O'Donnaly History, Family Crest & Coats of Arms
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Today's Irish surnames are underpinned by a multitude of rich histories. The name O'Donnaly originally appeared in Gaelic as O Donnghaile, derived from the words "donn," which means "brown," and "gal," which means "valor."
Early Origins of the O'Donnaly family
The surname O'Donnaly was first found in County Donegal. Later, the sept expanded eastward and became based at Ballydonnelly in the county of Tyrone. The name continues to be common in this area of Ireland today.
The name is believed to be directly descended from King Niall of the Nine Hostages, the great Irish general/king who died by the River Seine in France about 365 A.D., after soundly defeating the Romans and being instrumental in their return to the south. Niall made King Arthur's exploits seem rather small by comparison.
The Donnelly chief was always elected Chief Marshall of the O'Neill forces and their exploits have filled the pages of Irish history compiled by the Four Masters. They are a part of the great Clann Eoghan(Owen).
They claim to be seventeenth in descent from the great King Niall, and their territories were at Ballydonnelly in County Tyrone.
Early History of the O'Donnaly family
This web page shows only a small excerpt of our O'Donnaly research. Another 111 words (8 lines of text) covering the years 1603, 1641, 1650, 1716, 1786, 1816, 1825, 1826 and 1836 are included under the topic Early O'Donnaly History in all our PDF Extended History products and printed products wherever possible.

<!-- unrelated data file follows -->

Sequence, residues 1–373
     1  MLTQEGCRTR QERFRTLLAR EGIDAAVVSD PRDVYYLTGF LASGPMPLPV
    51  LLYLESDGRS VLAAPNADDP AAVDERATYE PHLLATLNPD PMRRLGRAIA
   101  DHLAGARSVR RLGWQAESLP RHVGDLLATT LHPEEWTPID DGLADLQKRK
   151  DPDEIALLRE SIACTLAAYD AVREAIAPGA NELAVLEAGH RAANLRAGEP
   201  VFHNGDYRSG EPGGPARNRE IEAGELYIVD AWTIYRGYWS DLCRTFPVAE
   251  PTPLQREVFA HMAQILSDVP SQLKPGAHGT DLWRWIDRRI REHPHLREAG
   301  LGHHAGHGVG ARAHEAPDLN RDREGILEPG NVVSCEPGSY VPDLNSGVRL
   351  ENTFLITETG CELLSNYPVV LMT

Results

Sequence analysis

O'Donnaly Spelling Variations
Irish names were rarely spelled consistently in the Middle Ages. Spelling variations of the name O'Donnaly dating from that time include Donnely, Donnelly, Donelly, O'Donnelly, O'Donelly, Donnolly, Donnally, Donolly, Donnilly, Donnelie, Donneley, O'Donnally and many more.
Early Notables of the O'Donnaly family (pre 1700)
Notable among the family name at this time was Patrick Donnelly (1650-1716), an Irish Roman Catholic Bishop, known as The Bard of Armagh, born in Desertcreaght, Cookstown, County Tyrone.
John Feltham Danneley, "born at Oakingham in 1786, was the second son of a lay-clerk of St. George's Chapel, Windsor. At fifteen years of age he studied thorough bass under Samuel Webbe, and the pianoforte first under Charles Knyvett and afterwards under Charles Neate. He resided...
Another 74 words (5 lines of text) are included under the topic Early O'Donnaly Notables in all our PDF Extended History products and printed products wherever possible.
Migration of the O'Donnaly family
A massive amount of Ireland's native population left the island in the 19th century for North America and Australia in hopes of finding more opportunities and an escape from discrimination and oppression. A great portion of these migrants arrived on the eastern shores of the North American continent. Although they were generally poor and destitute, and, therefore, again discriminated against, these Irish people were heartily welcomed for the hard labor involved in the construction of railroads, canals, roadways, and buildings. Many others were put to work in the newly established factories or agricultural projects that were so essential to the development of what would become two of the wealthiest nations in the world. The Great Potato Famine during the late 1840s initiated the largest wave of Iris immigration. Early North American immigration and passenger lists have revealed a number of people bearing the name O'Donnaly or a variant listed above: Catherine and Hugh Donnelly who settled in New York in 1803; Hugh Donnelly settled in Belfast, Maine in 1820; Bryan, Peter and Thomas Donnelly landed in America in 1763.
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